The Supreme Court decision in Carpenters and Joiners Union of America, Local No. 213 v. Ritter’s Cafe, 315 U.S. 722 (1942), upheld state-imposed limitations on picketing. (Image of United Brotherhood of Carpenters and Joiners of America on May Day parade, 1930s via National Archives of Estonia on Flickr, public domain)
The Supreme Court decision in Carpenters and Joiners Union of America, Local No. 213 v. Ritter’s Cafe, 315 U.S. 722 (1942), upheld state-imposed limitations on picketing.
Ritter tried to stop his restaurant from being picketed for a contractor's labor practices
Ritter, who owned a restaurant that employed union workers in Texas, had contracted with a company called Plaster to construct a building without requiring Plaster to use union help.
Ritter subsequently sought an injunction under state antitrust laws to prevent the union from picketing his restaurant because of Plaster’s labor practices.
Court said the picketing could be regulated
Justice Felix Frankfurter observed for the majority that Thornhill v. Alabama (1940) had established that the “constitutional right to communicate peaceably to the public the facts of a legitimate dispute is not lost merely because a labor dispute is involved,” but he also wrote that “the circumstance that a labor dispute is the occasion of exercising freedom of expression does not give that freedom any greater constitutional sanction or render it completely inviolable.”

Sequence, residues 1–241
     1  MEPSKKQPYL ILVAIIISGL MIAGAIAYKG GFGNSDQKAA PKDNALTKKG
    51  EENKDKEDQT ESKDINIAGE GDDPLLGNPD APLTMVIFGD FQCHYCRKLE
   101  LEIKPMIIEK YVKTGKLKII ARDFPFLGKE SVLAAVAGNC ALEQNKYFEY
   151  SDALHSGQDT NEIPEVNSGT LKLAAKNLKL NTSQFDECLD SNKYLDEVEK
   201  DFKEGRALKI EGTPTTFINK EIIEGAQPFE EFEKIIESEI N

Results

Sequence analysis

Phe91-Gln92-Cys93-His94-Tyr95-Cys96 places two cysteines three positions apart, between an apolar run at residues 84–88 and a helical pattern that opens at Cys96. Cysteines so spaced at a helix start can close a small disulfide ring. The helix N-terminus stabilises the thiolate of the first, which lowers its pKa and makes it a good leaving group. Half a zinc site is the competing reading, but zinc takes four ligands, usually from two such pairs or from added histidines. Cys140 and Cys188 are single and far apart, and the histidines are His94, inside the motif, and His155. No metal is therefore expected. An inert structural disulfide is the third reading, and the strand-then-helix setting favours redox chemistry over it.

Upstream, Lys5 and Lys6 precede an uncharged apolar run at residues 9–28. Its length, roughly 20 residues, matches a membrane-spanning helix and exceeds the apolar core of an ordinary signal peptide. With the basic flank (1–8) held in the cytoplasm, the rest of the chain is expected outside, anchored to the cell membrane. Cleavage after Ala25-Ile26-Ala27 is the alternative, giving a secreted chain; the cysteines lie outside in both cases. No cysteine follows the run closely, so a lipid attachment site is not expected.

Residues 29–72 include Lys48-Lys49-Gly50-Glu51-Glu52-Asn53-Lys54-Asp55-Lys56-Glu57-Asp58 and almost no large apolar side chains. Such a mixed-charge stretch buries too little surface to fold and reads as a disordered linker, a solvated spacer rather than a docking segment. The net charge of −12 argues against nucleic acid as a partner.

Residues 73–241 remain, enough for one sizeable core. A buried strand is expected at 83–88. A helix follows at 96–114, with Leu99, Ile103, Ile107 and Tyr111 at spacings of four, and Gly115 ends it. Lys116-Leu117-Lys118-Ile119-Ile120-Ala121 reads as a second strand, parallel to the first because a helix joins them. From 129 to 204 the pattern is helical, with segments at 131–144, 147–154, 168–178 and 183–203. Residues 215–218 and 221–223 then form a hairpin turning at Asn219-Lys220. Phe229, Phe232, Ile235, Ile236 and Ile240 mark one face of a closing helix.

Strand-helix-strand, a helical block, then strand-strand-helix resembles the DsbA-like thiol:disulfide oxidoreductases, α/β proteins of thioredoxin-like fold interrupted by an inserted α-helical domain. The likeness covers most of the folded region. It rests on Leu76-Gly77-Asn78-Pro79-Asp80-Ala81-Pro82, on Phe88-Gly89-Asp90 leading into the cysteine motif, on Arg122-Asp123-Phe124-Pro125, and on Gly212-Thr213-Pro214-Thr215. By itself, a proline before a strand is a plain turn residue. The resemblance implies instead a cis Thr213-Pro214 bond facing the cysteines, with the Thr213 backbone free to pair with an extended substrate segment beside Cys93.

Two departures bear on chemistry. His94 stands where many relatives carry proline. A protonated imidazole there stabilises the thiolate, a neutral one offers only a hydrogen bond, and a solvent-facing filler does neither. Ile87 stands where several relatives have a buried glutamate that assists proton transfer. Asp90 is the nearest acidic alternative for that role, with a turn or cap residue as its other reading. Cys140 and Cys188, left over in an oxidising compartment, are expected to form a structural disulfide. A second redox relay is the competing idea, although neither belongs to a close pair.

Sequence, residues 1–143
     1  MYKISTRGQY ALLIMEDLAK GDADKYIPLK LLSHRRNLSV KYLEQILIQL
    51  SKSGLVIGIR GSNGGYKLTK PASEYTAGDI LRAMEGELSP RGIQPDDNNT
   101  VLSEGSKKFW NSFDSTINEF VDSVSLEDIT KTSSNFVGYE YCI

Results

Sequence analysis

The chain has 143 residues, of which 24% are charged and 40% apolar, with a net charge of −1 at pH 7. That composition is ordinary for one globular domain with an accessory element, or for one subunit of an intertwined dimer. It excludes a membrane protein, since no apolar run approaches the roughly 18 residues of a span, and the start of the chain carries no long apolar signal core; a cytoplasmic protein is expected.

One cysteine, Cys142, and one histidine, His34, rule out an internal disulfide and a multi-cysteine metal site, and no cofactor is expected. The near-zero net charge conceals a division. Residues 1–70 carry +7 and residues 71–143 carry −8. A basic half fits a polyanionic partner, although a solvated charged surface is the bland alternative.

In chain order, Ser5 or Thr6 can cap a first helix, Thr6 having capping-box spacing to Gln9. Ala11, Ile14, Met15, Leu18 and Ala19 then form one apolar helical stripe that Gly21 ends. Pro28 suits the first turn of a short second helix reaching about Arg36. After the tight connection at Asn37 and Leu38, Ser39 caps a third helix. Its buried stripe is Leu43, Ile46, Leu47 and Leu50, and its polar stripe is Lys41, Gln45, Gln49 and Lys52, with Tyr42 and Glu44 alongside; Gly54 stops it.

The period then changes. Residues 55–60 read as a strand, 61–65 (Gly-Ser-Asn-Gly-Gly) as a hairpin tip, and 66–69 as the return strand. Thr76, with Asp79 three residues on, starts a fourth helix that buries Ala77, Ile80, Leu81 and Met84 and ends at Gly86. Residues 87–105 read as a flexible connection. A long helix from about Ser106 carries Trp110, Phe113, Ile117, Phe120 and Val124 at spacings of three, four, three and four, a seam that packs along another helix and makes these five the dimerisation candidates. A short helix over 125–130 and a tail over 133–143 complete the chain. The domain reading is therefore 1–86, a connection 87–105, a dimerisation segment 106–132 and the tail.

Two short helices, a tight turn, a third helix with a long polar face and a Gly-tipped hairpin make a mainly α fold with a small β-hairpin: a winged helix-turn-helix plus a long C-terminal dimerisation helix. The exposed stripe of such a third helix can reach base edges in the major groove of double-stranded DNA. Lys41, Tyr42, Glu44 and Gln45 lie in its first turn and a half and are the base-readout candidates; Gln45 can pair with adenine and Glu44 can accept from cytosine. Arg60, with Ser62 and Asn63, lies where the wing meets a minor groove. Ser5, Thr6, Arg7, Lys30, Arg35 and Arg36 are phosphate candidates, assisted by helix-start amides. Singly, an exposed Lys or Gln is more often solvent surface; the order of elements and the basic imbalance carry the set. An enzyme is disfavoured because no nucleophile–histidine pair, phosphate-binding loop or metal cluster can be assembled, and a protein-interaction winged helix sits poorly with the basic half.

Texas had decided that “its general welfare would not be served if, in a controversy between a contractor and building workers’ unions, the unions were permitted to bring to bear the full weight of familiar weapons of industrial combat against a restaurant business, which, as a business, has no nexus with the building dispute but which happens to be owned by a person who contracts with the builder.”
Frankfurter noted that those favoring union labor had other means to disseminate their ideas. He thus held that “forbidding such conscription of neutrals” was permissible.
Dissenters focused on First Amendment right of protest
In contrast, Justice Hugo L. Black’s dissent, joined by Justices William O. Douglas and Francis W. Murphy, focused on the role that picketers played in conveying information to the public.
Black observed that such information was truthful and peaceful and thought it fell within the protection of the freedom of speech and press.
Justice Stanley F. Reed also focused on the peaceful nature of the pickets and on the inconsistency with the First Amendment of banning truthful information conveyed by pickets.
John Vile is professor of political science and dean of the Honors College at Middle Tennessee State University. He is co-editor of the Encyclopedia of the First Amendment. This article was originally published in 2009.Send Feedback on this article